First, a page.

Past cited in leniency plea
By CHRISTOPHER GOFFARD
TAMPA -- Pedro Hernandez Alberto grew up dirt-poor in rural Mexico, endured beatings from his father, watched his mother go insane and suffered a brain injury that impaired his grip on reality, a lawyer said Wednesday in trying to save Alberto's life.
Alberto was convicted in August of first-degree murder in the 1999 shootings of his two stepdaughters, 11-year-old Donna Berezovsky and 29-year-old Isela Gonzalez. Prosecutors contend he blamed them for ruining his marriage.
Now, the same Hillsborough County jury must decide between recommending the death penalty or life in prison without parole.
Defense attorney Daniel Hernandez told the jury that Alberto did not torture his victims, nor was he a serial killer.
Hernandez pointed to Alberto's childhood near Oaxaca, Mexico, where his father beat him with a broomstick and where his mentally ill mother had to be chained to furniture so she wouldn't wander out of the house. A car accident in 1994 left Alberto with a head injury that fueled paranoia and a persecution complex, the defense contends.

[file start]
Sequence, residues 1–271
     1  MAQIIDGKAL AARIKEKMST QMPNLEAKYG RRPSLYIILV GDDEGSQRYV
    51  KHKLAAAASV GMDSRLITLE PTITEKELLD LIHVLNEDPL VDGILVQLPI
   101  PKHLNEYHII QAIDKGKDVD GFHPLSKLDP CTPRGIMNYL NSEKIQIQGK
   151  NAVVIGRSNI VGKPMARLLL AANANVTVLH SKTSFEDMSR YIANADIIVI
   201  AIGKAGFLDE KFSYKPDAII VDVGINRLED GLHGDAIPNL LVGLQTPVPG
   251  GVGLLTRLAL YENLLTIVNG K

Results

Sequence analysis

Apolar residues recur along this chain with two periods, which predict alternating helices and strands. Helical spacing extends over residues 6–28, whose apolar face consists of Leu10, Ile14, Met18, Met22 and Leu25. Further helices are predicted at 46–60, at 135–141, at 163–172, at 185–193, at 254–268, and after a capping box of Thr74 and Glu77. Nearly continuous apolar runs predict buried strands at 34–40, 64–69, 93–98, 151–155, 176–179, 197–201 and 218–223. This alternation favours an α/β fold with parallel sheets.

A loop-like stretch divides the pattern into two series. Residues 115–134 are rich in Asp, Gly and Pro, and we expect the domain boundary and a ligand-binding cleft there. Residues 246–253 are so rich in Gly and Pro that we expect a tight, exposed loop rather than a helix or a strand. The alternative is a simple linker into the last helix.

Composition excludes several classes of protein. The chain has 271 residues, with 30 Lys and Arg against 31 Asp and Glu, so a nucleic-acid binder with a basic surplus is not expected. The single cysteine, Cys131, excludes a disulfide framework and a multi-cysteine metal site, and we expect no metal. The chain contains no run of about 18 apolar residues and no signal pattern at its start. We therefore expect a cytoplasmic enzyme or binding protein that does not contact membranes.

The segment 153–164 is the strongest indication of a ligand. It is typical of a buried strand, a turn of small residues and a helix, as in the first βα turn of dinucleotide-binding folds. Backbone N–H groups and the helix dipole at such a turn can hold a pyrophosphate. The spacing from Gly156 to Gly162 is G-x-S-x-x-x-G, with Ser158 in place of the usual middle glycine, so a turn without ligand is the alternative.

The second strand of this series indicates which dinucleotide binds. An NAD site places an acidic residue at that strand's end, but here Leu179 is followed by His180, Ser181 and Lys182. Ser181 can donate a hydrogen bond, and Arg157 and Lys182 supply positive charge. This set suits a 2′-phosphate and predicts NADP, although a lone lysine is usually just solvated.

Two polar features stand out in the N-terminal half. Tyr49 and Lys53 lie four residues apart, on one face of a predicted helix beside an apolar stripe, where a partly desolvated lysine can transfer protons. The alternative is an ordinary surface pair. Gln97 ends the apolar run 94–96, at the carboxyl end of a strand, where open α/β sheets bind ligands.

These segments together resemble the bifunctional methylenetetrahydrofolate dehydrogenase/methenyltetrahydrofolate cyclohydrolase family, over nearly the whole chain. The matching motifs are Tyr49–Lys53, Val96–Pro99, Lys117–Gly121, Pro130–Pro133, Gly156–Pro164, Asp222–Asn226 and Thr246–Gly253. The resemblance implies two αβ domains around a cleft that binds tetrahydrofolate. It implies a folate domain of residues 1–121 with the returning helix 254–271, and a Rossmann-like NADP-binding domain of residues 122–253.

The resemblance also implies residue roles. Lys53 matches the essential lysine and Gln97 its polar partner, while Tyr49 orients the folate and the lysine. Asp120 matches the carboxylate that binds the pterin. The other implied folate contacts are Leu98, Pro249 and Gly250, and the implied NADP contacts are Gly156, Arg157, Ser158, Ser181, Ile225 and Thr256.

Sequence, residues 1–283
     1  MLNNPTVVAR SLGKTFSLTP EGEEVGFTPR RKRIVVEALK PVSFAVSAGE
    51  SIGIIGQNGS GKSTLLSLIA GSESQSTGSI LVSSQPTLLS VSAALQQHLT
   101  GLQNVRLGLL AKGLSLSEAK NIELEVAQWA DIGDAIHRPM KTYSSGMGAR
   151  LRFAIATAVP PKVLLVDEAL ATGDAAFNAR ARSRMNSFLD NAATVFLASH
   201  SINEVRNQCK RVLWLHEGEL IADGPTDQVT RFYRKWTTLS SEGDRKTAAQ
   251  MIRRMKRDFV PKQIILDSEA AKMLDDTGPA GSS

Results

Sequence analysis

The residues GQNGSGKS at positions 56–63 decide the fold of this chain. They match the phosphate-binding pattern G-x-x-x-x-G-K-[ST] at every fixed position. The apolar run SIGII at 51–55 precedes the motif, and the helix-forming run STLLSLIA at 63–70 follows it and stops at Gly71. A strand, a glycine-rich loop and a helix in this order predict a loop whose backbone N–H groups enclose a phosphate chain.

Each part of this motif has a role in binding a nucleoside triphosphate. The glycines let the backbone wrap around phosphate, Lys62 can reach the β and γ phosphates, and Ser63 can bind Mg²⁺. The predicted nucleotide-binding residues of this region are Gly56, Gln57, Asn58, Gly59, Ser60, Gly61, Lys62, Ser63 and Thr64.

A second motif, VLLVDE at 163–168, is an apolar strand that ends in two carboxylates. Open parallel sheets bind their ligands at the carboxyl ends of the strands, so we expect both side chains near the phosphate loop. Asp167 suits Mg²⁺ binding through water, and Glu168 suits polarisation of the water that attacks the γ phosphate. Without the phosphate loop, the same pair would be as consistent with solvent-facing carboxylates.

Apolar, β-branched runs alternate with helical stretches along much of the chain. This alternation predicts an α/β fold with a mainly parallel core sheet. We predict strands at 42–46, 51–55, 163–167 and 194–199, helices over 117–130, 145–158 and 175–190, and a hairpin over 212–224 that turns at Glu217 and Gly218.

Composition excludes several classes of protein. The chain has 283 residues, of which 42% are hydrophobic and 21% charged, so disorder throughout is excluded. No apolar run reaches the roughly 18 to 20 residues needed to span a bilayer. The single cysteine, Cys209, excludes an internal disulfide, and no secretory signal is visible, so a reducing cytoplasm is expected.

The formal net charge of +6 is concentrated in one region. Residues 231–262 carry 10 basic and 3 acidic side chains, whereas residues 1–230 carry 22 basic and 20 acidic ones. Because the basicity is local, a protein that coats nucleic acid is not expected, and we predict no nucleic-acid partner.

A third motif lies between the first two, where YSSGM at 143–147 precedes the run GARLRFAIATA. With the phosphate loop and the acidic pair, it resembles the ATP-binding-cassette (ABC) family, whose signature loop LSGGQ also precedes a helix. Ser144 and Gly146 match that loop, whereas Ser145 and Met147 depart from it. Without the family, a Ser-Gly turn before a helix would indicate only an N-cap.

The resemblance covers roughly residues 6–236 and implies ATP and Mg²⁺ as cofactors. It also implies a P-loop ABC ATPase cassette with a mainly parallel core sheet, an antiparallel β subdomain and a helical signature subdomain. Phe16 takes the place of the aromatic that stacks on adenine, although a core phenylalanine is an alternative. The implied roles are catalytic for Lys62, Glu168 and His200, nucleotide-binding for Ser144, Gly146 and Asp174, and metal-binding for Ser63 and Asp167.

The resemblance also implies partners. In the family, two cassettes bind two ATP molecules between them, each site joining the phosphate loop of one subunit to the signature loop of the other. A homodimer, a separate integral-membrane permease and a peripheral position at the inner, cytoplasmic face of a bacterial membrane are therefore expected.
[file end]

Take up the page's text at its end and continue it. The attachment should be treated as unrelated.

Prosecutor Jay Pruner had a different take on Alberto's character, and his motivation for the murders in Apollo Beach: he was "mean as a snake, and it was payback time."
In the courtroom, Alberto has been prone to bizarre behavior, cursing the courtroom and insisting on representing himself for most of the trial.
Wednesday, Pruner had just risen to deliver his opening statement when Alberto started blurting out obscenities.
Judge Chet A. Tharpe ordered Alberto removed but gave him another chance after the lunch break. Would he agree to remain civil? Would he respect the jury?
"The jury is a piece of s--- the same as you are a piece of s---," Alberto said through a translator.
"Take him out," the judge said.
The case is expected to go to the jury today.
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